Like a Teenager
The trial continued the next day with miscellaneous testimony designed to impugn the characterization of Mrs. Chevallier as a hapless victim.
A police investigator testified that the accused had given a series of differing accounts of the fatal events in the bedroom.
But Yvonne regained sympathy with the final witnesses.
First, a confidante of Mrs. Chevallier testified that she ran to her in tears on the day that
The same woman said Yvonne vowed to kill herself after learning of the affair. The wife explained that she had no chance against Jeanne Perreau, who was younger, wealthier, prettier and better educated.
Finally, a psychiatrist revealed that the Chevalliers had had a sexless marriage for years, causing "physical depreciation" and desperation in the spurned wife. He added that Yvonne suffered from social, physical and intellectual inferiority complexes.
The doctor said Yvonne had retained the mentality of a teenager in love with a student.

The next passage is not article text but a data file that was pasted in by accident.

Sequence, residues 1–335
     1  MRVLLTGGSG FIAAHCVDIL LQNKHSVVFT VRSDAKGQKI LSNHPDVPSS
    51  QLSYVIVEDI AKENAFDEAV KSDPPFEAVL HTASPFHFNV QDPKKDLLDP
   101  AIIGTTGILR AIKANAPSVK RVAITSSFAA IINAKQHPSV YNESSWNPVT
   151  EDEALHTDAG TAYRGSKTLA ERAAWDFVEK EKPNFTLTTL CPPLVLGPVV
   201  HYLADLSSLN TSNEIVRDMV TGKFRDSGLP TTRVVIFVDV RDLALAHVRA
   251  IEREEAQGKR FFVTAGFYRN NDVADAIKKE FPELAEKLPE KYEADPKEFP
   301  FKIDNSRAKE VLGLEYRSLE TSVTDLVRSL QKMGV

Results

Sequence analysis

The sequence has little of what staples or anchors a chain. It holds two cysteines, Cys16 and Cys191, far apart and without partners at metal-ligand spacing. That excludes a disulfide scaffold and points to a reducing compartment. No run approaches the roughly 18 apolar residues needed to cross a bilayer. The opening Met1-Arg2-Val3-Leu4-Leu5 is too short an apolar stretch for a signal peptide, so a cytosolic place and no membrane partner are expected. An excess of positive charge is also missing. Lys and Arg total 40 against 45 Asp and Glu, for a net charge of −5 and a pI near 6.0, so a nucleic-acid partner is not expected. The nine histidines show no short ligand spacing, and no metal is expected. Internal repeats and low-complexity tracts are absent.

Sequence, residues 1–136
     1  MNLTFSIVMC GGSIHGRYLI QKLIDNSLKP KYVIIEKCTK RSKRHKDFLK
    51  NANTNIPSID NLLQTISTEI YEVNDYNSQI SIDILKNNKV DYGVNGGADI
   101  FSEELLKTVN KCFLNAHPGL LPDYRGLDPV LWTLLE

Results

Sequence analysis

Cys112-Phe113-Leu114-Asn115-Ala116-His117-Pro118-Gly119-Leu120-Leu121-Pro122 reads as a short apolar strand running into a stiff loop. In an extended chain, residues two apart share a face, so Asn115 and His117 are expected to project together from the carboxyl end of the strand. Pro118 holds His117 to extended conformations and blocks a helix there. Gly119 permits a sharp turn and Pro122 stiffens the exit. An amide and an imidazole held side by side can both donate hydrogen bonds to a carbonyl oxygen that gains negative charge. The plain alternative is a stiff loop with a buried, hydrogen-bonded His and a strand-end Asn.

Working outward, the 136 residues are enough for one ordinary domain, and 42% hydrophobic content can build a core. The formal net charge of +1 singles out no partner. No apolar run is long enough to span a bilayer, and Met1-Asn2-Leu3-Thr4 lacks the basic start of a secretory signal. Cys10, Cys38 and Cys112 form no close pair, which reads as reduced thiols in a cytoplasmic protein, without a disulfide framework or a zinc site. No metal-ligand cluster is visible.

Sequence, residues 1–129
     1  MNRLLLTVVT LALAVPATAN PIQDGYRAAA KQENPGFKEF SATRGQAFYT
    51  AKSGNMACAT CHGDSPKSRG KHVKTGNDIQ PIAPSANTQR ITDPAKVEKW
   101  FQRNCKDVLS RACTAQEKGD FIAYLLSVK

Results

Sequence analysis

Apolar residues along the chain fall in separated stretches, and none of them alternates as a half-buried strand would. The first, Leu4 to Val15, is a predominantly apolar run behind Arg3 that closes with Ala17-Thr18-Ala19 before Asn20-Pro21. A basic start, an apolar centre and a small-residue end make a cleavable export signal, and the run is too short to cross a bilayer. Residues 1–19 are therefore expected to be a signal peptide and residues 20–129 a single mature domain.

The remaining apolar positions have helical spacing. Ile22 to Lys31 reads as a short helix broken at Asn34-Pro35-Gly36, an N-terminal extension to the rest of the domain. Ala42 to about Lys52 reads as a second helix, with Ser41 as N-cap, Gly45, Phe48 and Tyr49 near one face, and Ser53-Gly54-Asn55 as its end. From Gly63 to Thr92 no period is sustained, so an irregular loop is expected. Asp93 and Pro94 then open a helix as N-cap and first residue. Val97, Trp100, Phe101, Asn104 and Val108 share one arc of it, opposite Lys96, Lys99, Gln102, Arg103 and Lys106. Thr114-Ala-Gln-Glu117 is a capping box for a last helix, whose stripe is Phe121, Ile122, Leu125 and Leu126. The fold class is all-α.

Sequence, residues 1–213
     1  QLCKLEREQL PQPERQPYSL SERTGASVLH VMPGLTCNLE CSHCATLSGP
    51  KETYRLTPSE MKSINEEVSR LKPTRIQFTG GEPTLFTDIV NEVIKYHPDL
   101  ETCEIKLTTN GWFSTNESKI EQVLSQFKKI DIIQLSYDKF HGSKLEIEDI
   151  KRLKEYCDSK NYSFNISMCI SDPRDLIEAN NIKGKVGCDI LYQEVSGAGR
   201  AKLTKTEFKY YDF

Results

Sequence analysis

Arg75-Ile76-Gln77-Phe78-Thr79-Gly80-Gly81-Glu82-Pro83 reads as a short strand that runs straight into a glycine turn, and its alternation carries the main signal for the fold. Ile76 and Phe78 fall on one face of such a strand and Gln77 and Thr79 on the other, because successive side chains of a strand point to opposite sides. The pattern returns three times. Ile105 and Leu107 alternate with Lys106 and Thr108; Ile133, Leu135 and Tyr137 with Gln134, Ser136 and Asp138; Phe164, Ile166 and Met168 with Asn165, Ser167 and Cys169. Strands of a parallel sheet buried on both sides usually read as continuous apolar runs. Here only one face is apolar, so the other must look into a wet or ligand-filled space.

By trial's end, observers felt the judge and prosecutor were squarely on Yvonne Chevallier's side.
The prosecutor read into evidence a love letter from
Judge Jadin took a paternalistic tone with Yvonne, which no doubt influenced the jury. French judicial tradition deemed that crime suspects are referred to as the accused. But Jadin addressed the woman with the more polite and respectful Madam.
Before turning the case over to the jury, he mildly scolded Mrs. Chevallier for failing to overcome the animal passion she felt for the husband.
You should have conquered it and have realized that you have no right to take the life of another person, Jadin said. This passion overwhelmed your whole way of lifewithout any attempt on your part to control it. I understand your cavalier action, but do not condone it.
While Jadin lectured, Mrs. Chevallier again began bawling, muttering over and over, Im sorry. Im sorry. Im sorry...